Washing machines and solar panels are the latest products placed in the spotlight of an old debate about trade, with many economists saying new U.S tariffs are going to do more harm than good.
New developments hit close to home in Ohio, where appliance-maker Whirlpool is a major employer and the leading instigator of the new charges on goods from foreign competitors.
The local effects are less clear for solar panels. First Solar has a plant near Toledo, but solar systems are not a common household item.
Looking at the tariff on washing machines, a typical Ohioan is likely to be harmed more than helped because of increases in the cost of appliances, said Brent Campbell, an economist for Moody’s Analytics.
“The benefits are really concentrated, and the costs are more diffused across households because they’ll be paying more for manufactured goods,” he said.
Those benefits will be seen in Clyde, a city just south of Sandusky where Whirlpool employs about 3,200 people at a washing machine factory. That total includes 200 people that are in the process of being hired in anticipation of an increase in sales tied to the tariff, the company says.
In addition, financial benefits for Whirlpool will likely lead to an increase in job security for people who work in plants that make other products, such as the company’s dryer plant in Marion. The company has about 10,000 employees in the state.
Whirlpool helped to initiate the trade action by arguing that competitors such as Korea-based LG were violating trade laws by selling goods in the U.S. market at prices that undercut U.S.-based firms.
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The complaints took the form of litigation that has been in progress for years before last week’s tariff announcement from the Trump administration. Backers of the new tariffs say they are needed to help preserve U.S. manufacturing jobs.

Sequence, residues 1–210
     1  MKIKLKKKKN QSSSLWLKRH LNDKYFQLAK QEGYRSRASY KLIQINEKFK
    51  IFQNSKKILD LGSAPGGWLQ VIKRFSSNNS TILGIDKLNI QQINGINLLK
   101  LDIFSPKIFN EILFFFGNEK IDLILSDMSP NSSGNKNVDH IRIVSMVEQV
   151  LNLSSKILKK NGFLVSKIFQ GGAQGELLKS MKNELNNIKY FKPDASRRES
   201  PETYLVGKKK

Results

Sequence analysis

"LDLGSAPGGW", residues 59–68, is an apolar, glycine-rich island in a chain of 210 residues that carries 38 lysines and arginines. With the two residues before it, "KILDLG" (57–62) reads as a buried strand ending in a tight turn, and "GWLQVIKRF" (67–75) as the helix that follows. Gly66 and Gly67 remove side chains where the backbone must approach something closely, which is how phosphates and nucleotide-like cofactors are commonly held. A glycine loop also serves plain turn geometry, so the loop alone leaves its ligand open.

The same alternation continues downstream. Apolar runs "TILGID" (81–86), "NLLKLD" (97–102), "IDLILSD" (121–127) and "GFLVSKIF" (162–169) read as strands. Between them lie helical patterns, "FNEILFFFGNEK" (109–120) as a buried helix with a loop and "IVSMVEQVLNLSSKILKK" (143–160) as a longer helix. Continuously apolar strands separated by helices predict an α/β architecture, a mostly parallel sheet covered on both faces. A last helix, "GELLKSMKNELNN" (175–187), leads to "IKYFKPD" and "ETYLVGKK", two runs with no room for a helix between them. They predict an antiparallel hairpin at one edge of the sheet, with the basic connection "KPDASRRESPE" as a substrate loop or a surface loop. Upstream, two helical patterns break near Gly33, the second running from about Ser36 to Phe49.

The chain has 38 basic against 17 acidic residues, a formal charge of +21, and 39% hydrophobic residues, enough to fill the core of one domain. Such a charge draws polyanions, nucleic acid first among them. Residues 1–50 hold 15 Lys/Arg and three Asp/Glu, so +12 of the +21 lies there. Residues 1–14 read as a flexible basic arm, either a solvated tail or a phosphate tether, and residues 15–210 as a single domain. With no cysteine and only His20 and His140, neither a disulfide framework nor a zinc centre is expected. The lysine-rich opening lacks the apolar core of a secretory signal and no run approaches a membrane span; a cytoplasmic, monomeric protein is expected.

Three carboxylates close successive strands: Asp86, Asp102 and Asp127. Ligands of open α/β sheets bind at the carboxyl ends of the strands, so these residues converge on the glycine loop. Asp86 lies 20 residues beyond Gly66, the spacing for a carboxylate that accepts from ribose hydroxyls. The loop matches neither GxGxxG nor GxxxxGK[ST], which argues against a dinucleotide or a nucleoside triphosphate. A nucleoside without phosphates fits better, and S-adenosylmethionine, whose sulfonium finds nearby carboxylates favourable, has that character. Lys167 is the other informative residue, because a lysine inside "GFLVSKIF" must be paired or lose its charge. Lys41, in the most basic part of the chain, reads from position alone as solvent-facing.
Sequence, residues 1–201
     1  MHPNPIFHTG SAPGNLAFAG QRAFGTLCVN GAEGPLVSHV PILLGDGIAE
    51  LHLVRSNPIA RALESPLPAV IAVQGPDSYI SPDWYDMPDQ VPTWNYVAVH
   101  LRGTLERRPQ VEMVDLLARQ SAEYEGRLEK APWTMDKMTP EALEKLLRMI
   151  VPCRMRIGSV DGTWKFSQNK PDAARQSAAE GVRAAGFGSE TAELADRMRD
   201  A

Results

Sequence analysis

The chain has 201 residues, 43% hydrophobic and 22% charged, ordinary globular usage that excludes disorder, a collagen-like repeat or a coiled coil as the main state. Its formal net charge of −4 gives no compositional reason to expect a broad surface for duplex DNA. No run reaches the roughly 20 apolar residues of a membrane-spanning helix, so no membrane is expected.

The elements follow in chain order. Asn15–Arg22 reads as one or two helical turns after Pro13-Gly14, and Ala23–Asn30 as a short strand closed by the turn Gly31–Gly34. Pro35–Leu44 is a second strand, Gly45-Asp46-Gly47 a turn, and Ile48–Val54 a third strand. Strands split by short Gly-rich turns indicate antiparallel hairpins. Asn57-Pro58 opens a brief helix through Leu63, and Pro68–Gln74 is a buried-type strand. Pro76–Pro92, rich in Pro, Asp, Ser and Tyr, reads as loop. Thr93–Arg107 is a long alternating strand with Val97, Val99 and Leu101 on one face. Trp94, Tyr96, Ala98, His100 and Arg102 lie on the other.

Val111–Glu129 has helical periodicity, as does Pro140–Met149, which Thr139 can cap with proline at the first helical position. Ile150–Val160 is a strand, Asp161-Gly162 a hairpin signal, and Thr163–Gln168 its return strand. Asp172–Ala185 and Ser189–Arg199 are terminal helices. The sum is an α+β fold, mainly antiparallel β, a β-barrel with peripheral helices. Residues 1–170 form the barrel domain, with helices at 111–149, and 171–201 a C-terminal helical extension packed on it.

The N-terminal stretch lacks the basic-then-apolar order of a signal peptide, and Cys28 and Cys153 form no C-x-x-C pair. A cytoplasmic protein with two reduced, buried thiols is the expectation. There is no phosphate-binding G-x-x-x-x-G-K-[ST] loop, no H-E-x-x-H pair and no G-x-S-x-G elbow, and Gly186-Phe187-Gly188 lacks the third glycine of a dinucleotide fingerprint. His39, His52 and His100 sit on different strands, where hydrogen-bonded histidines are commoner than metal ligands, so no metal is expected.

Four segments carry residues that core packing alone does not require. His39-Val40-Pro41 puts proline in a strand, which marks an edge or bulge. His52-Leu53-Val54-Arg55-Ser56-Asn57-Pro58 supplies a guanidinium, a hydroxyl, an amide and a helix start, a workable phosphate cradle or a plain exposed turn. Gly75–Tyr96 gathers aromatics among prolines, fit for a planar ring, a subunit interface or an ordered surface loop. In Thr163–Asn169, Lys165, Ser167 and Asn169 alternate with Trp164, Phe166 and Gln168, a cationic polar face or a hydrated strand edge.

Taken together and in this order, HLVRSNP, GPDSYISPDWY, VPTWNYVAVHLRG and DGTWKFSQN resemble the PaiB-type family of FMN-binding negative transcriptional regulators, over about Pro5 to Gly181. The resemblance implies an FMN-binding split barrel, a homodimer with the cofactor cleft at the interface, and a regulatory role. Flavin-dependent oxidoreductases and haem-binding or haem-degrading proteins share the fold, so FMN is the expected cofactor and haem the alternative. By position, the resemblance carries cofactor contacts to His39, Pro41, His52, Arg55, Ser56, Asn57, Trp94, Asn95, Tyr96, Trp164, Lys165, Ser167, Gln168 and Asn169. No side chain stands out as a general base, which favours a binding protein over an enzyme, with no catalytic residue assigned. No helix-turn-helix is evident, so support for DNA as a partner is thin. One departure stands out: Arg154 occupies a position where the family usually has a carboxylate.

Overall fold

“This is a victory for American workers and consumers alike,” said Jeff M. Fettig,Whirlpool’s chairman, in a statement issued last week.
The tariff is scheduled to last for three years, with maximum charges of 50 percent added to the wholesale prices of imported washing machines. Proceeds go to the federal government.
Looking at previous examples of tariffs, the increase in consumer prices is probably going to be much less than the amount of the tariff. LG has indicated that it will increase prices but has not said how much. Whirlpool also would have leeway to raise prices if competitors are doing so.
Meanwhile, the solar tariff is more complicated in its ramifications. It covers photovoltaic cells and modules, which are key components of solar arrays. Other components that are made in Ohio are not covered.
Some critics of the policy say the Trump administration is trying to stunt the growth of renewable energy. Others say it is designed to help one company, First Solar, which started in Ohio before moving headquarters to Arizona and has a plant in Perrysburg with about 800 employees.
A First Solar spokesman declined to comment.
The solar industry has grown in large part because the costs of modules have been declining. Foreign manufacturers have played a key role in in the cost-cutting.
The tariff likely means buyers of solar systems will need to pay more.
“It’s frustrating,” said Geoff Greenfield, founder and owner of Third Sun Solar in Athens, Ohio, which sells and installs solar systems at homes and businesses. “There are going to be job losses, particularly in the large, utility-scale projects” because of the tariff.
He employs about 50 people. He had planned to hire about 35 more this year to respond to high demand for services but thinks it will end up being about 25 because of the tariff.
The tariff tops out at 30 percent. Greenfield expects that to translate into an increase of about 5 percent in price quotes he makes to prospective customers.
For some perspective, he thinks there are a number of state-level policies that are more harmful to the solar industry than the tariff. At the top of the list is a 2014 law that got rid of requirements that utility companies buy a certain amount of renewable energy from in-state sources.
“I’m pretty cynical about our politics here in Ohio,” he said.
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